A proposed teen-agers' clinic that would dispense contraceptives to students at Alexandria's only public high school has won the support of a majority of the seven-member City Council and appears headed for approval.

Four council members -- Mayor James P. Moran Jr., Vice Mayor Patsy S. Ticer, T. Michael Jackson and Robert L. Calhoun -- said late last week that they plan to vote for the clinic; a fifth member, Redella S. (Dell) Pepper, said she probably would. The council is scheduled to take up the matter Dec. 8.

The clinic would be the first public facility of its kind in the Washington area, and has generated a storm of opposition, particularly from conservative Catholics and antiabortion activists. The only council member who has publicly opposed the clinic, Carlyle C. (Connie) Ring Jr., has said he believes the city should respect the convictions of those who oppose birth control on moral grounds.

The seventh council member, Lionel R. Hope, said he is undecided about the clinic and would favor an advisory referendum on the subject, an idea initially proposed by clinic opponents. A majority of council members have said they oppose a referendum.

Several council members who favor the clinic said that details of the plan that have yet to be worked out, such as the clinic's location and staff size, are likely to cause continued debate. They also stressed that they view the clinic as part of a larger effort to lower Alexandria's teen-age pregnancy rate, and not as a quick fix.

"I don't think we should be giving out condoms just because students ask for them," Jackson said. "Every student ought to be informed that they should first rely on sexual abstinence. I don't want students to get the impression that this is a condom vending machine that will protect them."

Calhoun and Pepper, who along with Jackson had not previously indicated that they are favorably inclined toward the clinic, also said they want to make sure that the availability of birth control devices does not encourage students to have sex, a potential problem repeatedly cited by critics of the proposed clinic.

"I think the opponents made a valid point, and that is that the clinic alone would be treating a symptom rather than treating the problem," Calhoun said. "The clinic has got to be part of a comprehensive approach to the problem of teen pregnancy."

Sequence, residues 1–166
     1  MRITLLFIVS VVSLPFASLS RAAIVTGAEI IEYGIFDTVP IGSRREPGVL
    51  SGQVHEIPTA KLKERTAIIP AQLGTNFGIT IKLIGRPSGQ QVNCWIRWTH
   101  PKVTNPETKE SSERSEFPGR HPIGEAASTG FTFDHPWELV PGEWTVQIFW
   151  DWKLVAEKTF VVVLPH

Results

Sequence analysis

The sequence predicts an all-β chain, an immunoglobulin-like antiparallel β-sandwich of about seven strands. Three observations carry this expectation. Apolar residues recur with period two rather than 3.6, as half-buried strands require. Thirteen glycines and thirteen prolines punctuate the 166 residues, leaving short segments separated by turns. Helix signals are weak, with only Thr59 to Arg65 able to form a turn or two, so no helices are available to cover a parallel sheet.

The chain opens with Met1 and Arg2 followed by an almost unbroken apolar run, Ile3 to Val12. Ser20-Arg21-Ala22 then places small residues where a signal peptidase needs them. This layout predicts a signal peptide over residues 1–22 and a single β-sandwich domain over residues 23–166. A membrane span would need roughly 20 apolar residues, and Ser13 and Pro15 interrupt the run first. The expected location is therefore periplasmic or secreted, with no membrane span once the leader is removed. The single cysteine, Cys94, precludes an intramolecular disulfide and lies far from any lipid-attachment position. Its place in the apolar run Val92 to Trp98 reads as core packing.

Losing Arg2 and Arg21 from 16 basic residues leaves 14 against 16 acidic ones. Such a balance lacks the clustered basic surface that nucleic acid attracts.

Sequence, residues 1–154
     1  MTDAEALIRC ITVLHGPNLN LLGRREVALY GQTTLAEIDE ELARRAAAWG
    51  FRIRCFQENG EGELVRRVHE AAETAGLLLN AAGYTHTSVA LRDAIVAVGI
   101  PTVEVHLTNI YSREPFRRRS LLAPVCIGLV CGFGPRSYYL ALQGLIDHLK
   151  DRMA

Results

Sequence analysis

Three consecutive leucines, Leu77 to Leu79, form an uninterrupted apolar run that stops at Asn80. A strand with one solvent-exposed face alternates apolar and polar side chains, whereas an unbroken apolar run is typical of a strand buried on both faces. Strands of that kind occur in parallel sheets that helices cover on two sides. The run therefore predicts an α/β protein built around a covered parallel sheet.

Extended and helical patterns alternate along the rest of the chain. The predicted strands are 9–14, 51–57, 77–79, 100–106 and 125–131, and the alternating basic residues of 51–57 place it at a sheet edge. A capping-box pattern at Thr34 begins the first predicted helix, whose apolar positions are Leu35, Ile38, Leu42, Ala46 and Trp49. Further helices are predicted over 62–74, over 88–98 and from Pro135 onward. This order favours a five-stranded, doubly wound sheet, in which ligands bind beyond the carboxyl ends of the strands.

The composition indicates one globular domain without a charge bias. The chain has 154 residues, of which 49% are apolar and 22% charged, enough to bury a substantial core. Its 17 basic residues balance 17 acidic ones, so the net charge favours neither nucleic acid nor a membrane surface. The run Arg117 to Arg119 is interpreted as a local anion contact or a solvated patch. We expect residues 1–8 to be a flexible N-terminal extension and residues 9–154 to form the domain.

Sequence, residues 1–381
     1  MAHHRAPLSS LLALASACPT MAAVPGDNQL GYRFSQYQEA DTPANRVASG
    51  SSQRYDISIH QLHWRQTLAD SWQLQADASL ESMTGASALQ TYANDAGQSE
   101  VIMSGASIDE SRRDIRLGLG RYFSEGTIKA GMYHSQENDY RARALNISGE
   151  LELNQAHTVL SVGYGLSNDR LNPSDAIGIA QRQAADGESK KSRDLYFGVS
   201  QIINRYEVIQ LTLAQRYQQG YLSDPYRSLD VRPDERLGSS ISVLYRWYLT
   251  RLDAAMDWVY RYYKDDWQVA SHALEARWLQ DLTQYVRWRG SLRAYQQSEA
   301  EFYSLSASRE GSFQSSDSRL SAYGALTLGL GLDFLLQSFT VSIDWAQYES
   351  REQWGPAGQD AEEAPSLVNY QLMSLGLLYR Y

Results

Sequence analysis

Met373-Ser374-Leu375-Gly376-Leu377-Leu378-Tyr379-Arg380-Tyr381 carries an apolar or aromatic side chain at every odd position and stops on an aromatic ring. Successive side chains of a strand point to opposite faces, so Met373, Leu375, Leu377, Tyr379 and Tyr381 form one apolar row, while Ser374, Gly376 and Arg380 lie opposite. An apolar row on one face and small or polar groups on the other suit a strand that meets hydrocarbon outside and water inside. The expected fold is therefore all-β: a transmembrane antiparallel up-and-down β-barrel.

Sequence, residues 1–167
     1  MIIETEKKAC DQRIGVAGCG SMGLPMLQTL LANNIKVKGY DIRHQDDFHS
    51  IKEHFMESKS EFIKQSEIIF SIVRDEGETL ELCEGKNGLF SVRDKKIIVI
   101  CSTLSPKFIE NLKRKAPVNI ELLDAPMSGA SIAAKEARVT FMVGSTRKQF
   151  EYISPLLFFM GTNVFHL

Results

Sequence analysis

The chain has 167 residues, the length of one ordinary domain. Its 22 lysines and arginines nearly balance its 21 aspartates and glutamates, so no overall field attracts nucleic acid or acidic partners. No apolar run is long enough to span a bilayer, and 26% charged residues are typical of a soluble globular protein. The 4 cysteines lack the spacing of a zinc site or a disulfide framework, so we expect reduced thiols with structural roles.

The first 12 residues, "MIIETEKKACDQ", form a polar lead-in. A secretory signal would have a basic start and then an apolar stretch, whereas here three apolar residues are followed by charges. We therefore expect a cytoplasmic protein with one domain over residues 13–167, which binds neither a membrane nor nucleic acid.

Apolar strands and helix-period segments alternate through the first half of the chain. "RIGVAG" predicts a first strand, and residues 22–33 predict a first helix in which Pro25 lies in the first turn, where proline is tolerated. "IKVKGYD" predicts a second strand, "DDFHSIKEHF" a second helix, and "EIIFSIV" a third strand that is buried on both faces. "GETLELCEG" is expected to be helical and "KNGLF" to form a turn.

Pepper said, "I'm probably going to be in favor of the clinic, including the birth control aspects. But I would sure like to see a very concerted effort made toward instituting programs about just saying no."

Representatives of the anticlinic lobbying group, Concerned Alexandrians for Responsible Education, could not be reached for comment yesterday.

The clinic was proposed 18 months ago, and Moran appointed a task force to study the idea. The proposal gained momentum this fall when Virginia Health Department statistics showed that Alexandria's teen pregnancy rate is the highest in the state, and escalating rapidly.

According to the Health Department figures, almost 18 percent of the teen-age girls in Alexandria got pregnant last year. More than half who got pregnant had abortions.

Moran and Ticer, citing their concern about the statistics, have been the council's most ardent advocates of the clinic.

"We have a real crisis, and it's irresponsible for us not to try to intervene," Ticer said. "I have never thought the clinic would be the total answer, but it's a start. If you educate people and help them make decisions, that's good."

The clinic has posed particular problems for the mayor and council member Jackson, both Catholics. The Catholic Diocese of Arlington, which includes most of Northern Virginia, has been a leader in the anticlinic movement.

"It has been extremely difficult," Moran said. "Two of my Catholic friends told me recently that when they told their pastor they supported the clinic, he told them they would no longer be eligible to receive the sacraments in that church. But I see my Christian commitment as being based on reason and facts and compassion, not dogma and ideology."

Moran said the proposal that will come before council Dec. 8 will recommend that the clinic be located "within easy walking distance" of T.C. Williams High School. The clinic task force recommended that the facility be located "in or near" the school, but several council members have said they would oppose putting it on campus, citing political or practical reasons.

"I don't want it in the school building itself because then those young people who have dropped out of school or attend private schools could not use it," Moran said.

He said that he and City Manager Vola Lawson have found a potential site near the school, but that it would not be available for a year. Should the council settle on that location, he said, the clinic could initially be housed in a temporary structure, such as a modular classroom.

The council also has not decided how many staff members the clinic should have. The task force recommended three, a physician's assistant and two counselors, but Moran said current proposals range from three to five, including a physician.

The Alexandria School Board endorsed the clinic proposal Nov. 19 on a 6-to-2 vote, with one abstention.